Here we document a TFTR case, published earlier, based on shot #103101. This case was used for

single core localized TAE (cTAE) mode saturation in the paper by Gorelenkov, et.al, PoP 6 (1999) 629.

Observations of TAEs (including n=4 mode) in these plasmas were reported in Nazikian, et.al, PRL 78

(1997) 2976, and Nazikian, et.al., Phys.Plasmas 5 (1998) 1703.

The choice for localized TAE solution was made due to its simplicity. The mode consist just of two most dominant

poloidal harmonics. Such a solution is known to exist in the low magnetic shear region near the center.

We fit plasma profiles into the analytic forms (close to the experimental profiles) for easier benchmark. The profiles were

fitted with the least square method from the TRANSP run for TFTR 103101 at t=2.92sec (see Nazikian's papers above).

It is important to emphise that the mode saturation is due to fast ion distribution function broadening near the resonance

in the presence of fast ion collisional scattering and background damping. The scattering is a key element of pysics to

have in the code, but other form of the collisional operator should also result in the saturation, but may have different saturation

amplitudes (see some of Berk's papers). The damping mechanism is not specified. Its absolute value is varied to see the trend

of the mode saturation amplitude vs. gamma_linear / gamma_damping.

NOTE, depending on which code is used it maybe required to simplify this case. What can be envisaged is fixing the

collisional scattering frequency and fixing critical velocity for the distribution function. These things are easy to add.

So far following is the set of plasma paramters used in the above mentioned paper for cTAE saturation.

1) Equilibrium is set up by specifying plasma pressure and q profiles.

R

total equilibrium pressure is such that

beta_total(r) = 0.01 (1- Psi^0.8)^2.7,

where beta_plasma is plasma pressure ratio to the magnetic field pressure taken at vacuum B=B0

at the geometrical center of the plasma, Psi is the poloidal flux normalized to its edge value, so that

Psi=0 in the center and Psi=1 at the edge.

q-profile has a specific form, which may seem weird but turns out to be very good in

approximating experimental profiles:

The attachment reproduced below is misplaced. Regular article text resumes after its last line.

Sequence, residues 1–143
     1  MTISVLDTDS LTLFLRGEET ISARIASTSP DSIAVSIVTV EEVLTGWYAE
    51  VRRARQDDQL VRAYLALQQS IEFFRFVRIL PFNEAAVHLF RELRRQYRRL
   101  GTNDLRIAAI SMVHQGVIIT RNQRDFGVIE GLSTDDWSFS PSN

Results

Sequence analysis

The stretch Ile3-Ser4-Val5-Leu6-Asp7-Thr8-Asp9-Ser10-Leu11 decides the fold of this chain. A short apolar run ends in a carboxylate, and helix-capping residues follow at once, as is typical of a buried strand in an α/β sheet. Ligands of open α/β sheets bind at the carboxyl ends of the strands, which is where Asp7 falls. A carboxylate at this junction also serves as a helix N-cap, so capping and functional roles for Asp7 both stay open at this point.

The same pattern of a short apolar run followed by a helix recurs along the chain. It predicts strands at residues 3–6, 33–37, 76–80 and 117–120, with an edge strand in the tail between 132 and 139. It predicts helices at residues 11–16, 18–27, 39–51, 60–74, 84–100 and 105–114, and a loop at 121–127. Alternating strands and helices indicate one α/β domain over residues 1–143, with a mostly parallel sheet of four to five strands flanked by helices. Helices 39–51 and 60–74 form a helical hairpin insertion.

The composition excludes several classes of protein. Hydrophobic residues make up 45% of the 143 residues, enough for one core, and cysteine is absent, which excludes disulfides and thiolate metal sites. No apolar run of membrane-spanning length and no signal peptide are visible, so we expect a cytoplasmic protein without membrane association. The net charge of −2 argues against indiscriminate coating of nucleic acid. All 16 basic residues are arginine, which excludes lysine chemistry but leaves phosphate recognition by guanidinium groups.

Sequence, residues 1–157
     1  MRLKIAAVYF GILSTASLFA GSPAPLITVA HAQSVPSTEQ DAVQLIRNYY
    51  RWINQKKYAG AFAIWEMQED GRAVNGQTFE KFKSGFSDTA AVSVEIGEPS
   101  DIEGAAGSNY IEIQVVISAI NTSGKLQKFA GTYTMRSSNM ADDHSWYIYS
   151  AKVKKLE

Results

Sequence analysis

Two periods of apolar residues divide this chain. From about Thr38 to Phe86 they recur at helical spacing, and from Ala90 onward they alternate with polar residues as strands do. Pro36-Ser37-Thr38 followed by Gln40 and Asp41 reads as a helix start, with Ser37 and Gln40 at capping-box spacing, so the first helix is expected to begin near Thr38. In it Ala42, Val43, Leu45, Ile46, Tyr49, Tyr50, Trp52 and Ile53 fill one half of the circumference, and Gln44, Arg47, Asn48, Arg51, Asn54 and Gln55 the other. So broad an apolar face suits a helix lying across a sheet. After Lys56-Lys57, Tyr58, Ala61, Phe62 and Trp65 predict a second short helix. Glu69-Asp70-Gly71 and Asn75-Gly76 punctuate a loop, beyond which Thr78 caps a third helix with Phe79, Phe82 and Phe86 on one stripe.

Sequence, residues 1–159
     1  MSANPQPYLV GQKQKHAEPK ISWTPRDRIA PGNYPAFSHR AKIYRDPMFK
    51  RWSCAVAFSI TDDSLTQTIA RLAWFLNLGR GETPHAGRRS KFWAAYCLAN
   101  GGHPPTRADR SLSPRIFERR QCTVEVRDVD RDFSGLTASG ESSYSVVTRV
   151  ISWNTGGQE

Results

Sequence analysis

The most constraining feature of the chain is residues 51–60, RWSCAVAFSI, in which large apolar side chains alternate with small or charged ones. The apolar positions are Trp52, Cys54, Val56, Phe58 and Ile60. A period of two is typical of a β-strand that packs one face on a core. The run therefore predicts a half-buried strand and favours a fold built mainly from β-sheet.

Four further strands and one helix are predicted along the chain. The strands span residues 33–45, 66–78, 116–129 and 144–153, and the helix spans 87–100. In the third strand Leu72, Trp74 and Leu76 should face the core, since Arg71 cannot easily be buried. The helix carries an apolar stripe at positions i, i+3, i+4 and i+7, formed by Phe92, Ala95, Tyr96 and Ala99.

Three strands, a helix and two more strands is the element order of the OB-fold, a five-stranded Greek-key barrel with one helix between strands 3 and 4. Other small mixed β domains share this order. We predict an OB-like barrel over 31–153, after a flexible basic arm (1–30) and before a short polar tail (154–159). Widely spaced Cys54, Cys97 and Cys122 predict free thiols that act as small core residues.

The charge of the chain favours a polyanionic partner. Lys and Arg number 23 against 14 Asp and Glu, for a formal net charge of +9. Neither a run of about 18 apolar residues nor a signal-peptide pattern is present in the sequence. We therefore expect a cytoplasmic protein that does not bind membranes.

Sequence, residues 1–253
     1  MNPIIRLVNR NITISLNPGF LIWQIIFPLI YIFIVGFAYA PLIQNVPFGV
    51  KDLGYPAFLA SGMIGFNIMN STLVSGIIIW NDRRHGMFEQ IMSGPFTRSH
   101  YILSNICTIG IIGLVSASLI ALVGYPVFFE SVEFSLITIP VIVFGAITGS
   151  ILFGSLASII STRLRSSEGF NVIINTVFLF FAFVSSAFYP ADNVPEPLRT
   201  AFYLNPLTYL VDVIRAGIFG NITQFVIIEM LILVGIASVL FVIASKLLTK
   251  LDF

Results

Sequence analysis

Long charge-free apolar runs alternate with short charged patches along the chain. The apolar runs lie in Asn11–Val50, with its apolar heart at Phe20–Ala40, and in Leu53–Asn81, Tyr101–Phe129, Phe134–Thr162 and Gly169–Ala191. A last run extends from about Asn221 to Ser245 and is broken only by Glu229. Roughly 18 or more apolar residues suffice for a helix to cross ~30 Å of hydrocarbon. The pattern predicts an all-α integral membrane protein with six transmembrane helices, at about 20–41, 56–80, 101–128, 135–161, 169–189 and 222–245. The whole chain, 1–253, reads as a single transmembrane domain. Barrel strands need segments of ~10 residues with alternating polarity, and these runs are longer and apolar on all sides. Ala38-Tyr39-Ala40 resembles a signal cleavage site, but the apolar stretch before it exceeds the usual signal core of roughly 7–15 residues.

q(0)=1.6, q(1)=5, q'(0)=0, q'(1)=9.8,

q(r)=q(0) + Psi [ q(1) - q(0) + ( q'(1) - q(1)+q(0) ) (1-Psi_s)(Psi-1)/(Psi-Psi_s) ]

Psi_s=[ q'(1) - q(1) + q(0) ] / [ q'(0) + q'(1)- 2 ( q(1)-q(0) ) ],

where prime means derivative over Psi (see also CZ. Cheng, Phys.Reports 211 (1992) p.1).

Following is an additional information, important for the saturation mechanism since it is included

in the collisionality. It was DT plasma with dominant D density.

Density profiles are required for mode structure simulations

n_D = 1.8 *10^13 (1.-0.75 Psi^0.74)^1.13 cm^-3

n_T = 0.52*10^13 (1.-0.75 Psi^0.74)^1.13 cm^-3

n_H = 0.38*10^13 (1.-0.75 Psi^0.74)^1.13 cm^-3

n_Carbon = 0.18*10^13 (1.-0.75 Psi^0.74)^1.13 cm^-3

n_e = 4. 10^13 (1.-0.75 Psi^0.74)^1.13 cm^-3

Z_eff = 2.44 (important for collisional scattering)

Note, that not all the codes have that many thermal ion species, but this is what was in the paper.

Since the ion density affects only Alfven velocity in this problem for the simplified version of the

benchmark we suggest single specie plasma density and

n_D = 3.85 *10^13 (1.-0.75 Psi^0.74)^1.13 cm^-3

n_e = 4. 10^13 (1.-0.75 Psi^0.74)^1.13 cm^-3

but still require that Z_eff = 2.44.

Such simplified plasma produces the same results for the mode growth rate, frequency and saturation.

Since the collisional scattering is a key factor here we have to be on the same page. We use more accurate

collisional frequency as described in [R. Goldston, et.al. J. Comput. Phys. 43 (1981) p.61]. It is important

that the velocity dependence of the collisional frequency is retained.

Temperature of ions and electrons

T_i = 11.26 (1.-0.5 Psi)^5.5 keV,

T_e = 6. (1.-0.5 Psi)^5.5 keV.

2) Mode structure is obtained within ideal MHD NOVA model

cTAE mode frequency is omega = 1.47 v

(slightly higher than in the above paper due to the choice of analytical profiles).

Continuum is presented below (left) as omega^2 vs sqrt(Psi). One can see that we ignored the compressibility

by allowing gamma=0. This should allow for wider range of codes for the benchmark.

The structure of this mode is shown as poloidal harmonics (few dominant harmonics are shown) radial dependence